Birla Corporation Chairman Harsh Vardhan Lodha was in the headlines for some dramatic reasons last time round.
Shortly after Priyamvada Birla, Madhav Prasad Birla's widow, died in 2004, a will bequeathing her estate, believed to be worth around Rs 5,000 crore, to well-known Kolkata-based chartered accountant Rajendra Singh Lodha surfaced. The "purported will of 1999", a popular title that it soon came to acquire, said his younger son, Lodha, would assume charge of the estate once his father reached the age of 65. That was his first tryst with limelight.
As different members of the Birla family waged legal battles to challenge the will of 1999, Lodha became a familiar face in the Calcutta High Court; the total number of cases reached 110 at one point of time, while the main case, the probate of Priyamvada's alleged will of 1999, is still pending trial.
In the ensuing years, Lodha was inundated with court cases. The big blow, however, came in 2008 when his father died of cardiac arrest, ironically at the London residence of Basant Kumar Birla, one of the challengers to the 1999 will.
As wished by Priyamvada, or so said the purported will of 1999, the baton was to pass on to Lodha. The transition was anything but smooth. A group of shareholders filed a petition in the Company Law Board (CLB) restraining Birla Corporation from appointing Lodha as its chairman. It was only a year later that a favourable CLB judgement finally paved the way for the coronation.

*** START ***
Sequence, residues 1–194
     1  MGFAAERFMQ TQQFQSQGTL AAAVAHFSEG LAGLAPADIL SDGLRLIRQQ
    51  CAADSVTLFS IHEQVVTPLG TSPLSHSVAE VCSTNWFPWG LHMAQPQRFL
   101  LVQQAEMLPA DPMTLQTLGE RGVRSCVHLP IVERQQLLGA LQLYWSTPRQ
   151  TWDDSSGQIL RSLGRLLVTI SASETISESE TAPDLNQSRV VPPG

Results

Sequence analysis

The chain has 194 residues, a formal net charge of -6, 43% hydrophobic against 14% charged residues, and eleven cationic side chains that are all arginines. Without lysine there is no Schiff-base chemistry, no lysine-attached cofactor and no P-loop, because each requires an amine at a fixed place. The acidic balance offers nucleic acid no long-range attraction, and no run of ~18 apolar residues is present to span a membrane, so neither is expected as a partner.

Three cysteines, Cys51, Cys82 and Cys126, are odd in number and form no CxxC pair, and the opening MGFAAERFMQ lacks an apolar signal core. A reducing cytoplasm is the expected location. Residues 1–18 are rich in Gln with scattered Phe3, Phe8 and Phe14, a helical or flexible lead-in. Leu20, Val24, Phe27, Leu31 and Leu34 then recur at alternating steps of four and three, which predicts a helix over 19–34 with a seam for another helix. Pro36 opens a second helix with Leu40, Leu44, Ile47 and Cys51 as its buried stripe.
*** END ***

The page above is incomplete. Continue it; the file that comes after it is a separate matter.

Lodha has moved on from doing the rounds of courts since then. The impact is for everyone to see. Birla Corporation has grown from a Rs 1,763-crore company to Rs 3,200 crore; profitability, however, has suffered due to the slowdown.
Earlier this week, Birla Corporation announced that it had agreed to a transaction with Lafarge India whereby it would acquire its Jojobera and Sonadih units for an enterprise value of Rs 5,000 crore. In volume terms, it would give Birla Corporation annual cement capacity of 14 million tonnes.
Though the acquisition doesn't pitchfork it amongst the top five cement companies of the country, once approved by the Competition Commission of India, it would bring it close to the installed capacity of cement businesses under the Basant Kumar Birla group. The eponymous group has capacity of 18 million tonnes across three companies: Kesoram Industries, Mangalam Cement and Century Textiles & Industries.
But that could well be just incidental. Last month, at the Birla Corporation AGM, Lodha had said that the company would achieve a capacity of 15 million tonnes in the next four years. As things stand, it could happen sooner than that.
Lodha, for his part, insists that his goal is to become the most profitable cement company. Size doesn't matter here.
The purported will of 1999 mentioned that Lodha would be the ultimate successor because Priyamvada had personally groomed him for some time. But did she also prepare him to steer Birla Corporation from a historically conservative group to the sixth largest cement producer in the country? Lodha says he has inherited her sense of judgement and ability to make quick decisions.